Indians are better renowned for their irresistible attraction towards precious metals. Interestingly they don’t keep gold and silver in bank lockers but love to show off them as jewellery particulars beautifying their physical appearances. The jewellery craft is not a new found tradition among Indians but can be found in ancient India also even they developed several styles based on different jewellery themes. Almost all of them are popular now-a-days as a fusion of new and old jewellery styles but the basic Indian jewellery styles are as follow.
Almost all cultures have traditions to beautify brides with beautiful dresses and jewellery; India tops the list as Indian bridal dresses are also decorated with precious metal’s work. Certainly India has no competition in its bridal jewellery collection which includes Solah Singar items with extremely gorgeous bridal costume.
Gold, a religious icon of Lakshmi, Goddess of wealth is honored by every Indian regardless their faith. Preferred as the topmost favorite investment, gold jewellery is used to wear and to secure rainy days by the Indians, so it has financial value too.
Also known as Kundankari, Kundan Jewellery spread out from Rajasthan to other states of medieval India. In Mughal era, it was developed as a fusion of ancient Indian jewellery and Mughal style crafts. Kundan jewellery required a highly expertise to create the magic. Now-a-days Jadau jewellery is used to create custom jewellery also.
Meenakari is a specialization of Kundan jewellery. A craftsman uses different colors and stones with melting gold to create state-of-art designs creating it unique and eye-catching. Usually Meenakars (meenakari artists) creates shapes of animals, birds, religious icons to decorate the jewellery particular.
Custom jewellery is designed by jewellery designers to give a personalized touch so that he/ she can look different in the crowd. Custom jewellery reflects the wearer’s personality and matches with their attire.
Stone jewellery is more popular these days. Stone jewellery can be crafted using precious metal also, though many of them such as necklace, malas, bands, etc. are made without using gold and silver.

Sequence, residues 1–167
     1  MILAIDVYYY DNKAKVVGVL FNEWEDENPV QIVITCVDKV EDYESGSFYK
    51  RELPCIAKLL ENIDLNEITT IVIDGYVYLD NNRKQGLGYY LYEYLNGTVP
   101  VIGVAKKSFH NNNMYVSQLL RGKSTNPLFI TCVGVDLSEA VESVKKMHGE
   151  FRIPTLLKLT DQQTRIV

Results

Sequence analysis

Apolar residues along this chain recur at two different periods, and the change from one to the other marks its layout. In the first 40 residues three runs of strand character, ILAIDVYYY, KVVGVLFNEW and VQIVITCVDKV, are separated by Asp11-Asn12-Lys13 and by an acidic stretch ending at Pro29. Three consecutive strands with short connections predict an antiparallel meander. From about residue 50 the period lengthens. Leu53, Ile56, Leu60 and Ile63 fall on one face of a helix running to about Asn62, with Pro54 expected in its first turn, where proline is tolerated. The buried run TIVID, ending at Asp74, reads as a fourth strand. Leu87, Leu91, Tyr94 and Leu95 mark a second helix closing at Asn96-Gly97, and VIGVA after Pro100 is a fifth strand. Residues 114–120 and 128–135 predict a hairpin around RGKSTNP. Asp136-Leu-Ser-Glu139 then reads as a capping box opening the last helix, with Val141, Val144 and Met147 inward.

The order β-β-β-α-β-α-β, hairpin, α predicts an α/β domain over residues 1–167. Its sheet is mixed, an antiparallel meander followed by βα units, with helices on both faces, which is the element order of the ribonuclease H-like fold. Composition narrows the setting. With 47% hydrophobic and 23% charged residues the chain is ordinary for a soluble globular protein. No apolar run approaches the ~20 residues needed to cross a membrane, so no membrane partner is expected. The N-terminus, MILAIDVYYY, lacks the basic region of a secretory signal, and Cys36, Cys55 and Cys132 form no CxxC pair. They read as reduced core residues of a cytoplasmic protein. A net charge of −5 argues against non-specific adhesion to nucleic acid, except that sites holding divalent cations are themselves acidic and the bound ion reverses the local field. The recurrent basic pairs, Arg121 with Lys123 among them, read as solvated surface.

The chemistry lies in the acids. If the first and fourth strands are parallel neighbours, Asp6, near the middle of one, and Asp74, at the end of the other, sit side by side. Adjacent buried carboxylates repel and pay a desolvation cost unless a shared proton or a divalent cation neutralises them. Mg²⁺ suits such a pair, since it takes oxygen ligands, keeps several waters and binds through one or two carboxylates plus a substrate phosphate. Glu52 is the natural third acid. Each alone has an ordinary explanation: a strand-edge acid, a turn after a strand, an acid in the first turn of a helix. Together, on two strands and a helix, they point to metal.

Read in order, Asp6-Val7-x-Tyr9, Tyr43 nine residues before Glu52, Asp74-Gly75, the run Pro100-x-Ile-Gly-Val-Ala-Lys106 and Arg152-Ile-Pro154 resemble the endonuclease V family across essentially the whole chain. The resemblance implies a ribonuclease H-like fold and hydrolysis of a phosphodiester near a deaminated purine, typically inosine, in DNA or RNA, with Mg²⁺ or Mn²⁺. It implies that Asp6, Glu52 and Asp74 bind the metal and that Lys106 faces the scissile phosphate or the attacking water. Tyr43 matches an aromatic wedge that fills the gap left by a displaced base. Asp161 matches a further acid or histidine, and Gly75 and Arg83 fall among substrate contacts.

Navratna jewellery is a single ornament crafted with precious metal and nine auspicious stones as per ancient Hindu literature. Navratna jewellery is used to remove side effects of all grahas (planets in astrology) and to make them suitable for all days. Nine stones are diamond (for Sukra), Ruby (for Surya), Sapphire (for Shani), Garnet (for Rahu), Cat’s eye (for Ketu), Pearl (for Chandra), Topaz (for Guru), Emerald (for Budh) and Coral (for Mangal).
Unlike traditional jewellery, fashion jewellery can be worn in daily routine. It is crafted with lighter and cheaper material like bronze, steel, leather and follows the latest trend in the market rather than utilized as a lifelong wealth.
In filigree jewellery, silver is used as a foundation base to craft different designs. In ancient world, filigree jewellery was popular among Egypt, Italy, Spain and India. Currently India is a pioneer in the tradition and exports to other countries.
Firstly discovered in Indus Valley civilization, bead jewellery is crafted with beads made of gold, silver, copper, ivory, sandalwood and precious stones. One of the ancient arts, bead jewellery is getting popular again for special occasions.
While handmade jewellery is considered as out-dated in the rest of the world, Indians are bewitched by handmade jewellery. According to government reports millions of jewellery craftsmen are creating handmade jewellery for desi peoples to earn their livelihood.
Made from the tusk of an elephant, ivory jewellery has become an international identity of India. Mainly ivory work is done by the artists in Orissa, Gujarat, Rajasthan and other parts of the country.
The jewellery which is not in vogue and was an old world’s charm is defined as antique jewellery. However these are not in fashion but are preferred by jewellery lovers to enrich their heritage jewellery collection.
India enjoys a rich heritage of tribal jewellery. The south Asian sub-continent has over 3000 tribes in its skirt area and each of them has its own tribal fashion icons regarded as tribal jewellery. Generally tribal jewellery is made using woods, silver, glass, peacock feathers, copper, wild flower and beads, bamboo, coral and coins.
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